Last Updated on September 20, 2023 by Anna Baumann
When I Was Told That I Have Graves Disease
When I was told that I have Graves Disease, I didn’t even know what an Autoimmune Disease was. I had no idea that a body could get so confused that it would start attacking itself.
Several years ago, I was feeling crummy, sweaty, and anxious. Sometimes, I was so jittery that I wanted to crawl right out of my skin. My heart raced for no reason, my hands trembled, and I couldn’t sleep. Heartburn and hunger were almost constant, along with other uncomfortable stomach issues. My emotions were also all over the place! One minute, I was a sad and crying mess. The next, I was screaming with anger and rage. And most of the time, my poor brain felt like it was in a fog of confusion and forgetfulness. Dealing with that odd combination of symptoms was so exhausting that living through a day was like swimming against the current in a deep, muddy river.
At first I thought I was just getting old and hormonal so I fluffed it all off and plowed through. But the longer it went on, the more I knew that something was horribly wrong with me. It took several months of doctor visits and wrong turns to discover that I have Graves Disease. My body attacks my thyroid.
Graves Disease Treatment Options
My Endocrinologist prescribed a drug called Methimazole. That was to calm my thyroid down and hope that Graves Disease would go into remission. I started to feel somewhat better. Some symptoms, like my racing heart and trembling hands, subsided. But other ones took their place. And I never went into remission. My doctors were adamant that Methimazole was not a long-term solution. They said I had about 18 months to decide if I wanted my thyroid radiated or removed.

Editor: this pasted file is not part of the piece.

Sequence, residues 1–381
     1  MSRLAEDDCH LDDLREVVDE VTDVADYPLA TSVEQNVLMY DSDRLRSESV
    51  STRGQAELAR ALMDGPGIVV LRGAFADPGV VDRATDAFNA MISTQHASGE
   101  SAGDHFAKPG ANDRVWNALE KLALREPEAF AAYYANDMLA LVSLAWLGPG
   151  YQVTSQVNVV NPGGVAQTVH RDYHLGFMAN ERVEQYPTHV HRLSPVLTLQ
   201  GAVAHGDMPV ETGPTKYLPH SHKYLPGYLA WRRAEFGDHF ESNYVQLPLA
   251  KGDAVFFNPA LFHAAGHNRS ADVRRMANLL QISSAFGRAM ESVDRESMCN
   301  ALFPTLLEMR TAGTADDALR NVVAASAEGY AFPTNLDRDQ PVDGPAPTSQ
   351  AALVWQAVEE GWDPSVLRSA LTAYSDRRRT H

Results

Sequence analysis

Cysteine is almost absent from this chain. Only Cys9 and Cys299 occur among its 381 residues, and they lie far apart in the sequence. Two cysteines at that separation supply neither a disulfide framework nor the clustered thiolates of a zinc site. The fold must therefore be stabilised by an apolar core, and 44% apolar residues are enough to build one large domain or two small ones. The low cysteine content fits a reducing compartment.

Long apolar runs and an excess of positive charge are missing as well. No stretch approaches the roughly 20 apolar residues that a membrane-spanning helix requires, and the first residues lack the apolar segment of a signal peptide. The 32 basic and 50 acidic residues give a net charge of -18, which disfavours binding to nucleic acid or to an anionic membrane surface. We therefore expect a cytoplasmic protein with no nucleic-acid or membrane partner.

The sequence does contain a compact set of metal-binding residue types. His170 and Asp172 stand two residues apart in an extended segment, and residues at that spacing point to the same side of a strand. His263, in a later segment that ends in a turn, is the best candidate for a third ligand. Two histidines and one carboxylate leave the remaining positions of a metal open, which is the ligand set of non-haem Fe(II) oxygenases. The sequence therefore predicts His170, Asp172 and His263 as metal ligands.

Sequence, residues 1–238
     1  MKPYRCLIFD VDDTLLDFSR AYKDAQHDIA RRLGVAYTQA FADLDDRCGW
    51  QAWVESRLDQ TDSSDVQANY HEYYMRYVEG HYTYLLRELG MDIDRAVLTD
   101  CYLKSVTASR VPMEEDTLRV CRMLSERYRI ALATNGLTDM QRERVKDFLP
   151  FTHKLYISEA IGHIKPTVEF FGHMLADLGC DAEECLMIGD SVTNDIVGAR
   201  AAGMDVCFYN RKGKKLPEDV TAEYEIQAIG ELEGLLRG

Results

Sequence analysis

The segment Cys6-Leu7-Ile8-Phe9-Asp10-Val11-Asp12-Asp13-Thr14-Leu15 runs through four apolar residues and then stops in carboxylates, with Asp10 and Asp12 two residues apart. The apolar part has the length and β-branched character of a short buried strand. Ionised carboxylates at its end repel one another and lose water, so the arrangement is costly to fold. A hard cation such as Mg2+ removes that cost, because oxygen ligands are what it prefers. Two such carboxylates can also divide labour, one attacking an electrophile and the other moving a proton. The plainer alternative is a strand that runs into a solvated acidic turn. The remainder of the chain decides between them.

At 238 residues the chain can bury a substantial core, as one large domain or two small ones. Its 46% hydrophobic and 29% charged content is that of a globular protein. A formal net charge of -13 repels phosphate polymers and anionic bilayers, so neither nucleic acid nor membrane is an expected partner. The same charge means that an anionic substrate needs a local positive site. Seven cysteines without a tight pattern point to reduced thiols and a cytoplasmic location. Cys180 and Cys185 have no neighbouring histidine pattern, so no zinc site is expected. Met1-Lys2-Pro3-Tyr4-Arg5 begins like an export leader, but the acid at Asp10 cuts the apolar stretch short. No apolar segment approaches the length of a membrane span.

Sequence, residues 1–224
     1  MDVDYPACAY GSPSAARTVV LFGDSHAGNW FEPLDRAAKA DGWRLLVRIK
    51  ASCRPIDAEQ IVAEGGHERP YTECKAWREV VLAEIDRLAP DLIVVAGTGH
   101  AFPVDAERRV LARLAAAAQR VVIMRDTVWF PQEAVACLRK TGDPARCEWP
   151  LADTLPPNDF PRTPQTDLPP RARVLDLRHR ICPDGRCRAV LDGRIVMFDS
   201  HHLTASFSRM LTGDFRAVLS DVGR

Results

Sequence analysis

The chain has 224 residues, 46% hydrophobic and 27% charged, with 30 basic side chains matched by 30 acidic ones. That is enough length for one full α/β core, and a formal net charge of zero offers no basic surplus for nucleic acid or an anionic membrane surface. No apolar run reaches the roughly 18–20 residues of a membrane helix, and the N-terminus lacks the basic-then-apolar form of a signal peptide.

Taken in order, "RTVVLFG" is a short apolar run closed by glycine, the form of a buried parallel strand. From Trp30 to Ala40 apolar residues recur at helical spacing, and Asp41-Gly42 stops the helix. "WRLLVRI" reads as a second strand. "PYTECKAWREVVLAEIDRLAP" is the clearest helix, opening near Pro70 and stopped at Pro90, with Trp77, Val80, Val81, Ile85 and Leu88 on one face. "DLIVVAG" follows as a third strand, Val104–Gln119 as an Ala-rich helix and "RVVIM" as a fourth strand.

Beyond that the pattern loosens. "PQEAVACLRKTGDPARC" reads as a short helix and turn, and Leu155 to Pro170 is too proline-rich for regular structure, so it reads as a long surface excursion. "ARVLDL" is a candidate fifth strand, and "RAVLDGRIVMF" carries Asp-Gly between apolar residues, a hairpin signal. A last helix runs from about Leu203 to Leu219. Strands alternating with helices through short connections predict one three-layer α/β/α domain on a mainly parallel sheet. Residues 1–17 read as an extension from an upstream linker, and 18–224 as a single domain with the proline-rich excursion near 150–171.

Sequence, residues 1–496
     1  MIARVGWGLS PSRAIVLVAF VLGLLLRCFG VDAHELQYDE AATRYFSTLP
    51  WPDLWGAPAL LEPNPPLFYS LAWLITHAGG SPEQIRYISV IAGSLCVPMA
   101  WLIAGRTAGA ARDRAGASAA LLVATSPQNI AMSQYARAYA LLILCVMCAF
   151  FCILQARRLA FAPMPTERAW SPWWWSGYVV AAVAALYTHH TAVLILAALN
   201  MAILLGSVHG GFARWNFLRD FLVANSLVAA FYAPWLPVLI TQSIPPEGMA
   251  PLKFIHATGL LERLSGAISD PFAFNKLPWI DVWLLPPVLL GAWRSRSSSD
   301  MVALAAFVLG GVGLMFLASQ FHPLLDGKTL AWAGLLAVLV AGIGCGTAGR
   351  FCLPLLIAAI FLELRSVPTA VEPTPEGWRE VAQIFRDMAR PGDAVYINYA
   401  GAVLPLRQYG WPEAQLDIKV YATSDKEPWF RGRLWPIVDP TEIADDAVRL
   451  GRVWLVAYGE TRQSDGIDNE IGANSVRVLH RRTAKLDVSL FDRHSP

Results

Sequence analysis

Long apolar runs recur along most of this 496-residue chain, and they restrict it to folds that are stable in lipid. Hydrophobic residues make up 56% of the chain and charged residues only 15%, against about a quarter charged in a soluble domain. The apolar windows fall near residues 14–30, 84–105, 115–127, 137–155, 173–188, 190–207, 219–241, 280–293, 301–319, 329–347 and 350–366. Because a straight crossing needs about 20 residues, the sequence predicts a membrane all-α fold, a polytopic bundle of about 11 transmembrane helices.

A close friend of Graves Disease is Thyroid Eye Disease. I found this out when my body started attacking my eye muscles. This caused my eyes to bug out of my head. Even after lid reduction surgery, my eyes are often dry and burning, and sunshine and headlights are painful.
During the Summer of 2017, I had a total thyroidectomy. I wasn’t comfortable with radioactive idoine. My body went haywire when I wasn’t knowingly doing anything to aggravate it. So I decided not to intentionally injest something that‘s only handled by people wearing HAZMAT. It seems to me like a recipe for causing more problems.
Living with Graves Disease
I don’t regret my thyorid removal. It took a while, but once things leveled out a lot of my exhaustion and anxiety subsided.
There’s no cure for Graves Disease. So I live with a lingering fear that it’s sitting inside of my body waiting for the opportunity to cause more trouble. Coincidentally, (Or not?) since my diagnosis I’ve developed a few other challenging health issues.
I’m an annoyingly upbeat person, but it gets to me sometimes. I feel like somewhere along the way I lost the person that I was. Like I see myself as two people now; Anna BG (before Graves) and Anna AG (after Graves). Anna BG had lots of energy. Everyone told her she had beautiful eyes and she hardly ever got sick. Anna AG is struggling to get her energy back. She looks freaky and she always feels just a little bit off.
Although it’s not curable, I’m very grateful that Graves is treatable. I might never feel 100% well, but I do feel better than I did. And who knows, maybe Anna BG will show up again one day. I catch a glimpse of her now and then so maybe she isn’t really gone for good…
To learn more about Graves Disease please visit, https://www.thyroid.org/graves-disease/
Disclaimer: This post is based on my own personal experience. It is not intended as medical advice. It is not intended to diagnose, treat, cure, or prevent any disease or medical condition.